Interior work was still in progress when the James, Duke of Albany, the future James VII and II, and his wife Mary of Modena visited that year.[3] They returned to live at Holyrood between 1680 and 1682, in the aftermath of the Exclusion crisis, which had severely impacted James' popularity in England. When he acceded to the throne in 1685, the Catholic king set up a Jesuit college in the Chancellor's Lodging to the south of the palace. The abbey was adapted as a chapel for the Order of the Thistle in 1687–88. The architect was James Smith, and carvings were done by Grinling Gibbons and William Morgan. The interiors of this chapel, and the Jesuit college, were subsequently destroyed by an anti-Catholic mob, following the beginning of the Glorious Revolution in late 1688.[3] In 1691 the Kirk of the Canongate was completed, to replace the abbey as the local parish church, and it is at the Kirk of the Canongate that the Queen today attends services when in residence at Holyrood Palace.

18th century

After the Union of Scotland and England in 1707 the palace lost its principal functions, although it was used for the elections of Scottish representative peers.[35] The nobles who had been granted apartments in the palace continued to use them: the Duke of Hamilton had already taken over the Queen's Apartments in 1684. The King's Apartments were meanwhile neglected.[3]

Bonnie Prince Charlie held court at Holyrood for five weeks in September and October 1745, during the Jacobite Rising. Charles occupied the Duke of Hamilton's apartments rather than the unkempt king's rooms, and held court in the Gallery. The following year, government troops were billeted in the palace after the Battle of Falkirk, when they damaged the royal portraits in the gallery, and the Duke of Cumberland stayed here on his way to Culloden.[36] Meanwhile, the neglect continued: the roof of the abbey church collapsed in 1768, leaving it as it currently stands. However, the potential of the palace as a tourist attraction was already being recognised, with the Duke of Hamilton allowing paying guests to view Queen Mary's apartments in the north-west tower.[37]

The precincts of Holyrood Abbey, extending to the whole of Holyrood Park, had been designated as a debtors' sanctuary since the 16th century. Those in debt could escape their creditors, and imprisonment, by taking up residence within the sanctuary, and a small community grew up to the west of the palace. The residents, known colloquially as "Abbey Lairds", were able to leave the sanctuary on Sundays, when no arrests were permitted. The area was controlled by a baillie, and by several constables, appointed by the Keeper of Holyroodhouse. The constables now form a ceremonial guard at the palace.[38]

19th century

Engraving of Holy Rood Palace by Thomas Hearne, drawn in 1778, engraving published 1800 ...
... and a 19th-century view of the Palace of Holyroodhouse from Calton Hill.

Following the French Revolution, George III allowed Louis XVI's youngest brother, the Comte d'Artois to live at Holyrood, where he took advantage of the abbey sanctuary to avoid his creditors. Artois stayed at Holyrood from 1796 to 1803, during which time the King's apartments were renovated. The Comte d'Artois inherited the French throne in 1824 as Charles X, but following the July Revolution of 1830, the French royal family lived at Holyrood again until 1832 when they moved to Austria.[38]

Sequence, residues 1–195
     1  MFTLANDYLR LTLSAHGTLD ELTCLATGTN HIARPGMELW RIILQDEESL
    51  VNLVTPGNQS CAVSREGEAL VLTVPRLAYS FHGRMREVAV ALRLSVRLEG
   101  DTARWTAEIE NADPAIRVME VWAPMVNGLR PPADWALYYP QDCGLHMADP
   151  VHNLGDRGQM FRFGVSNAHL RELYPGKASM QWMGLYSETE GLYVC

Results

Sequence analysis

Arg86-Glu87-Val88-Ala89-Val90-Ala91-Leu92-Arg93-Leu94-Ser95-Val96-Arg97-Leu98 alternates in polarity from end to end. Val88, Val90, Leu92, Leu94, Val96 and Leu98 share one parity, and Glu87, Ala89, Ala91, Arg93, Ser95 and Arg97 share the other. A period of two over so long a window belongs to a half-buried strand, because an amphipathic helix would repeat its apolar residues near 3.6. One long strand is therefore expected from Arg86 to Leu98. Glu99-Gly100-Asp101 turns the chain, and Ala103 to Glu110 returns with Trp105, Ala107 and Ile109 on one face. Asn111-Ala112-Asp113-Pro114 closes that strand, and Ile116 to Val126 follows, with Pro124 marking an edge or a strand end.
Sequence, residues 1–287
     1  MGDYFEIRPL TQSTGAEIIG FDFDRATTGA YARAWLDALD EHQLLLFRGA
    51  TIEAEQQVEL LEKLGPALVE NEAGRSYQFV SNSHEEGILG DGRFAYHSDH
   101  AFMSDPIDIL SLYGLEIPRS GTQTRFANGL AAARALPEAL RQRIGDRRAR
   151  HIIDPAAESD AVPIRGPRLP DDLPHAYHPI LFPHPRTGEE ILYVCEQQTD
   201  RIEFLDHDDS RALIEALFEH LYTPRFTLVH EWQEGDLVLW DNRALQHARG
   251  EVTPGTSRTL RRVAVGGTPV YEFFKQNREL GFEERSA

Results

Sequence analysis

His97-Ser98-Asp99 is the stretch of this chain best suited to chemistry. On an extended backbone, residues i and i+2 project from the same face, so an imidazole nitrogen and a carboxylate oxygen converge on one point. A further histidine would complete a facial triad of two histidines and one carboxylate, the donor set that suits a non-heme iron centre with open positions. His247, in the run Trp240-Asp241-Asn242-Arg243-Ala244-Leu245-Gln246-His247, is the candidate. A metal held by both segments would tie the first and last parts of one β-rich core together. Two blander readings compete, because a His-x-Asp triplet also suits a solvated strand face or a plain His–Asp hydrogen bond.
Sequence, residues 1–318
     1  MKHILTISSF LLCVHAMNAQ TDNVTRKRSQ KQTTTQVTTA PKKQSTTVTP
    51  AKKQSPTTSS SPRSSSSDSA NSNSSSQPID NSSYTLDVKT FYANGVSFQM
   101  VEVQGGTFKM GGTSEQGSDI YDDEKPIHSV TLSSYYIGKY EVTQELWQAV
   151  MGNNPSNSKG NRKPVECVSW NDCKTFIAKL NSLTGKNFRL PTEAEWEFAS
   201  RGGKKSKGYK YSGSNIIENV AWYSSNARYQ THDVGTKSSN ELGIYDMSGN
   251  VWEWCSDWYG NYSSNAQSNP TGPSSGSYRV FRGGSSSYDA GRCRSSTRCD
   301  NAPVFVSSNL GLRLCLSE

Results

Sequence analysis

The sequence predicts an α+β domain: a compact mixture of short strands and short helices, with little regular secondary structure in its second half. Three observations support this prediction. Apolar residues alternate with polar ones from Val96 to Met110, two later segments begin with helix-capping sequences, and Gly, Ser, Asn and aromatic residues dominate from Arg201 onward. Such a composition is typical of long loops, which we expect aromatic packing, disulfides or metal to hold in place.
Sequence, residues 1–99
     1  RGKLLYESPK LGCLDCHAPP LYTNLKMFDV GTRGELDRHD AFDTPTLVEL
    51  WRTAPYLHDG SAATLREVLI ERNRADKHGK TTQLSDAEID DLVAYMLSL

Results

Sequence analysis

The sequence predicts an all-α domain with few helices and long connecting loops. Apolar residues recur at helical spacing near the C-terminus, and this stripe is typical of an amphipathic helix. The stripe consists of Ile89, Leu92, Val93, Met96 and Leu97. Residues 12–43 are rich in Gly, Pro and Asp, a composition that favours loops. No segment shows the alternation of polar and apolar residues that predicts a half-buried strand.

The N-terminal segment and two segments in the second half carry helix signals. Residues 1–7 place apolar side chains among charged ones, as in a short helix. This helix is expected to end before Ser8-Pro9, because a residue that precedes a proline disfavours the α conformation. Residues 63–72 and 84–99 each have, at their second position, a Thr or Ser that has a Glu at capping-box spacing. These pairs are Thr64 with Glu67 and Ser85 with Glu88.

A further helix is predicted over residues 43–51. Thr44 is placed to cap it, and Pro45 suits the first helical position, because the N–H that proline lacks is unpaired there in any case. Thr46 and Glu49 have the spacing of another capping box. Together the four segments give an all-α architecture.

King George IV became the first reigning monarch since Charles I to visit Holyrood, during his 1822 visit to Scotland. Although he stayed at Dalkeith Palace, the king held a levée (reception) at Holyrood, and was shown the historic apartments. He ordered repairs to the palace, but declared that Queen Mary's rooms should be protected from any future changes.[39] Over the next ten years, Robert Reid oversaw works including the demolition of all the buildings to the north and south of the main quadrangle.[3] In 1834 William IV agreed that the High Commissioner to the General Assembly of the Church of Scotland could make use of the palace during the sitting of the assembly, and this tradition continues today.[3]

On the first visit of Queen Victoria to Scotland in 1842, she also stayed at Dalkeith, and was prevented from visiting Holyrood by an outbreak of scarlet fever.[40] In preparation for her 1850 visit, more renovations were carried out by Robert Matheson of the Office of Works, and the interiors were redecorated by David Ramsay Hay.[41] Over the next few years, the lodgings of the various nobles were gradually repossessed, and Victoria was able to take up a second floor apartment in 1871, freeing up the former royal apartments as dining and drawing rooms, as well as a throne room.[3] From 1854 the historic apartments in the north-west tower were formally opened to the public.[42]

20th century

Although Edward VII visited briefly in 1903, it was George V who transformed Holyrood into a 20th-century palace. Central heating and electric light were installed prior to his first visit in 1911, and after the First World War improvements to bathrooms and kitchens were carried out. In the 1920s the palace was formally designated as the monarch's official residence in Scotland, and became the location for regular royal ceremonies and events.[43]

21st century